You were called to freedom, brothers and sisters; only don’t let this freedom be an opportunity to indulge your selfish impulses, but serve each other through love.”

– Galatians 5:13

My children have always loved dressing up in costumes. Our drawers and closets full of costumes for years. We didn’t just dress up for Halloween; trips to the grocery store, a walk to the playground and even school pictures all were occasions for the costumes to come out.

As children, costumes and dress up clothes allowed us to live out our greatest fantasies and our wildest dreams. We could be anyone we wanted to be just by putting on a new hat, an elaborate dress or a too-big shirt. Our costumes were aspirational – they signaled who we wanted to be or traits we wanted to project to the outside world.

Children wear costumes and masks as a sign of the freedom of childhood to explore and discover.  As we grow, however, we really don’t take off our costumes and our masks. Instead, our masks change; now they become restricting and oppressive. As adults, our masks look like confidence, even when we are filled with self-doubt. Or we put on the mask of marital happiness, even when we are more lonely in our marriage than we were when single. Or we wear the costume of “I’m fine! How are you?” when secretly our addiction is crushing us. Or we dress up in armor that won’t let intimacy or love breakthrough because the risk of being hurt again is too much to bear.

As a pastor, I talk to folks about church all the time! And do you know what they say? They say, “I can’t go to church; my life is too messed up.” “I haven’t been to church since my divorce; I can’t stand to think what people would say about me.” “Oh, I have too many questions to ever go to church. What if someone asks me what I really believe?”

In other words, people feel that they must wear their costumes and their masks all the time, even to a place that should feel sacred and holy and open and free. They are afraid that if they removed their dress-up clothes, no one will accept them as they are.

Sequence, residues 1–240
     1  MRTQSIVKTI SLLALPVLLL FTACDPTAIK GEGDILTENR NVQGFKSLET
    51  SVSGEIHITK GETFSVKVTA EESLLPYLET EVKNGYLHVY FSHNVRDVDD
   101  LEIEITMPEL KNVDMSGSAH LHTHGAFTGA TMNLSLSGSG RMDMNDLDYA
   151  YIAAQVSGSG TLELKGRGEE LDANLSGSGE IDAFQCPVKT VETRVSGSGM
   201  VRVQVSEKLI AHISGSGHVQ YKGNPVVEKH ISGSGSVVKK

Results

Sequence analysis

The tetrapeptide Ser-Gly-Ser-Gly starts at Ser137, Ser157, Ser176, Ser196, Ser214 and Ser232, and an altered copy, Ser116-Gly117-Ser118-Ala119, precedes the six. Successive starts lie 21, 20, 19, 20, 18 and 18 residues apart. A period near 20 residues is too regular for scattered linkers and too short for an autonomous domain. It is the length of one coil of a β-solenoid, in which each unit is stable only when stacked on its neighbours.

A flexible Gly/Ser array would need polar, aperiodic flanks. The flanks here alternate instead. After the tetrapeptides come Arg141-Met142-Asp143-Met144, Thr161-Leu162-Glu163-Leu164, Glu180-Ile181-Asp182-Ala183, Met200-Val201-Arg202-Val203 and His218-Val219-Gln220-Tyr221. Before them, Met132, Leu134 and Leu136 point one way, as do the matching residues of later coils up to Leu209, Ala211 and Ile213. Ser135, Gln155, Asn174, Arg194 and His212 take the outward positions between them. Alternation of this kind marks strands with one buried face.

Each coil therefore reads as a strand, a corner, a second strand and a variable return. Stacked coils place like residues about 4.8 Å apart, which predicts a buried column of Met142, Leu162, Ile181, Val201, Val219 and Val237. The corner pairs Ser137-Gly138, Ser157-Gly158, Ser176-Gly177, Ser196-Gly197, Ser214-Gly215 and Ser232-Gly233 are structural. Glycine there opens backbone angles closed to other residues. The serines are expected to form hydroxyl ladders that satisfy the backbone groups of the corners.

At Two Rivers Church, we are a place where no one needs to wear a mask. One of our core values is embracing the courage to be vulnerable. God loves us as we are – we don’t have to pretend in front of The Divine. We are creating a space to worship, a space to question, a space to explore, a space to believe – a space where we can enter as our full and complete selves, vulnerable and open, ready to embrace our freedom to love.

At Two Rivers, we welcome all of you – just as you are. The only time you’ll find us wearing masks is to a Halloween party. We want to see and embrace the real you.

Happy Halloween!

Categories: Community

Wendy Hudson-Jacoby

Wendy Hudson-Jacoby is the Pastor of Two Rivers Church in Charleston, SC. As a life-long United Methodist, she spent her formative years worshiping at First United Methodist Church, Lancaster. She attended the University of South Carolina, where she majored in print journalism. After graduating, she served as a young adult missionary through the Board of Global Ministries of the United Methodist Church and spent 18 months in Mumbai, India, and 18 months in Philadelphia. She attended Wesley Theological Seminary and spent her first seven years of full-time ministry in the Eastern Pennsylvania Annual Conference. She returned to her home state in 2011 to become the pastor of North Charleston United Methodist Church. In July 2017, their family moved to Clements Ferry Road to start Two Rivers Church, South Carolina’s newest United Methodist Church.

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